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So I have a few questions regarding a Van De Graff Generator. With the Equation: V=kQ/r where V is the Voltage Potential, k is the constant, Q is the charge in coulombs and r is the radius of the sphere. 1.) Do I have to use a sphere? Can I use, say a cylinder that is metal?

2.) How does the Charge concept work? I am trying to understand the concept of this equation since I didn't understand it well the first time in class

Danke!

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There is a related answer which gives an estimate of the charge which is stored on a Van de Graaff generator dome.

The shape of the dome is important particularly as it must have no sharp edges or points.
This means that if you were to use a cylindrical shape you would need to round the edge.

The reason for this is that as the radius of curvature of a conductor decrease the charge density in that area increase which in turn increases the electric field in that region.

If the electric field is too high the air breaks down and becomes a conductor resulting in charge being lost from the dome thus reducing the maximum potential of the dome.

The left hand diagram is of a dome with a sharp edges (left) with the sharpness of the edge reduced by placing "insulating" tape over the sharp edge (right).

enter image description here

A better solution is to fold the sharp edge inside the dome.

Dust on the dome will act as points and dents will have edges which will reduce the effectiveness of a dome to store charge at high voltages.

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Any object has a self capacitance $C$. This relates the charge on the body to the potential at its surface relative to infinity via the usual capacitor equation:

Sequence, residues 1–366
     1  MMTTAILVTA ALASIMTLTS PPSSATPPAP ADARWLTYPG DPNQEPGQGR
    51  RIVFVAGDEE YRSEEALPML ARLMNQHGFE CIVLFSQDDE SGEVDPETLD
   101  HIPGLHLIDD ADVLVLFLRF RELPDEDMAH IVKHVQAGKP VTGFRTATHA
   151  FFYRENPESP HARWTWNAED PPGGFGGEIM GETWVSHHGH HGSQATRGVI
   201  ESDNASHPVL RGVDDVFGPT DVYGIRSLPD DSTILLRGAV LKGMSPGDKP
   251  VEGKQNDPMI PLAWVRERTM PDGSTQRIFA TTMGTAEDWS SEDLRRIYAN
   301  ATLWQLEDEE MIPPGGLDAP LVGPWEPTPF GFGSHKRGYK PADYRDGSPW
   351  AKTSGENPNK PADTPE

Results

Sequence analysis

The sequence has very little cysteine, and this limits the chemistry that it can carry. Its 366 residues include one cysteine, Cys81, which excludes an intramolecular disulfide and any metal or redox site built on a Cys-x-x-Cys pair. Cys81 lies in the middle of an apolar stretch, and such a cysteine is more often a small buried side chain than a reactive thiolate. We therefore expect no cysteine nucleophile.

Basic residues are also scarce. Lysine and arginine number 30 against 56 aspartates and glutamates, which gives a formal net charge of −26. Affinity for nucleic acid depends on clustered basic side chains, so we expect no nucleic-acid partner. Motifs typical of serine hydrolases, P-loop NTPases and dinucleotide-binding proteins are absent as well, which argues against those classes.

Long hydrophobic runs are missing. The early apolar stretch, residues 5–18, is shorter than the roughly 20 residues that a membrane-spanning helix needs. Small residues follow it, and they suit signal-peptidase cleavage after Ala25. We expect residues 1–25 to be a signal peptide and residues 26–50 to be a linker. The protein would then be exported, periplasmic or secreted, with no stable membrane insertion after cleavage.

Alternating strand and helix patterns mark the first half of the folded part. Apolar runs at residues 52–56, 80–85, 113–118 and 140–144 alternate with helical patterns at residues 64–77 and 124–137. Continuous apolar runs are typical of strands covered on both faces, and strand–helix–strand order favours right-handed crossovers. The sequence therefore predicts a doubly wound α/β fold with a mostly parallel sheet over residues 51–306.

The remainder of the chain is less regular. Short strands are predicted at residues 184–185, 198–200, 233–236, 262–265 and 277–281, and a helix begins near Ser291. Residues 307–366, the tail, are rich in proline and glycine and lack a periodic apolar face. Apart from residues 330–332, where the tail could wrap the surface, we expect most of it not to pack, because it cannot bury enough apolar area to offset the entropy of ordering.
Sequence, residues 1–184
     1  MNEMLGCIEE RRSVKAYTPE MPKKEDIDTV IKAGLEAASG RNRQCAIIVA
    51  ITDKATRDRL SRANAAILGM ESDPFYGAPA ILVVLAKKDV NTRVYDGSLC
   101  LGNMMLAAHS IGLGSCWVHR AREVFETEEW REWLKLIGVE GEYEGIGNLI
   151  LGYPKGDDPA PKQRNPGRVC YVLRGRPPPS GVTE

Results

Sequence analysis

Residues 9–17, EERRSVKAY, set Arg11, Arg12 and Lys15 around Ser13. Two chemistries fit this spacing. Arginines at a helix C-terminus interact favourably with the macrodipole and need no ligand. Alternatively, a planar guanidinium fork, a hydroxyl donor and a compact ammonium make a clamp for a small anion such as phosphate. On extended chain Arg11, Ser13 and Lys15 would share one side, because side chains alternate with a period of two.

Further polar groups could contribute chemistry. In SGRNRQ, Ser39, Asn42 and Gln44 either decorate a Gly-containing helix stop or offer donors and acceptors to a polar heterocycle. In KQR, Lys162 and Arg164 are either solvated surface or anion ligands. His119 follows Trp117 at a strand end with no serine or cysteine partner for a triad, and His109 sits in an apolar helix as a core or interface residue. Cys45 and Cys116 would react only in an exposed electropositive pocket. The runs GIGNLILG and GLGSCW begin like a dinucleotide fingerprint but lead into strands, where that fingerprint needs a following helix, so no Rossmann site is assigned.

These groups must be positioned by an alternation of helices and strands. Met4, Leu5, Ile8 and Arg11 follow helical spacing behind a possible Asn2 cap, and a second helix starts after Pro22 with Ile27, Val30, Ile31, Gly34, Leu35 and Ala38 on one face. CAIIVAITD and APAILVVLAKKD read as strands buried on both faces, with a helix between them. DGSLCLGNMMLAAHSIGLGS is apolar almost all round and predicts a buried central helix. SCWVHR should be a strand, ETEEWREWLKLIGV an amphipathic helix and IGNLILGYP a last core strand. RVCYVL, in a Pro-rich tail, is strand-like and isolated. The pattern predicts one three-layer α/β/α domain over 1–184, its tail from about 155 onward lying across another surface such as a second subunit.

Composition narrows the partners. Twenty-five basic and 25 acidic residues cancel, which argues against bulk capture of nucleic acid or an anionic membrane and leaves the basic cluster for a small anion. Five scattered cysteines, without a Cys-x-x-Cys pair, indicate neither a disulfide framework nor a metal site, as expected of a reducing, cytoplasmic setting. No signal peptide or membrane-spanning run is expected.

$$ Q = CV \tag{1} $$

For a spherical object the self capacitance is easily calculated since Gauss' law tells us that the field near the surface of the object is the same as the field from a point mass of the same charge at the centre of the sphere. That is, if $R$ is the radius of the sphere the potential is just:

$$ V = \frac{1}{4\pi\epsilon_0} \frac{Q}{R} \tag{2} $$

And comparing this with equation (1) we see this means:

$$ C = 4\pi\epsilon_0 R $$

This is why when we make an approximate calculation of the charge on a Van de Graaff generator we treat it as a sphere. In principle it is possible to do the calculation for other shapes but this gets complicated because we no longer have the spherical symmetry to help us.

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  • $\begingroup$ Okay, but how do the charges differ from the voltage potential? Doesn't the voltage potential come from the charges? $\endgroup$ – Captain Caboose May 8 '19 at 7:39
  • $\begingroup$ @CaptainCaboose yes, the voltage is proportional to the charge. With no charge the potential of the sphere is obviously zero. As we add charge to the sphere the potential increases. Specifically the voltage is related to the charge by $V = Q/C$, where $C$ is the self capacitance. $\endgroup$ – John Rennie May 8 '19 at 7:43

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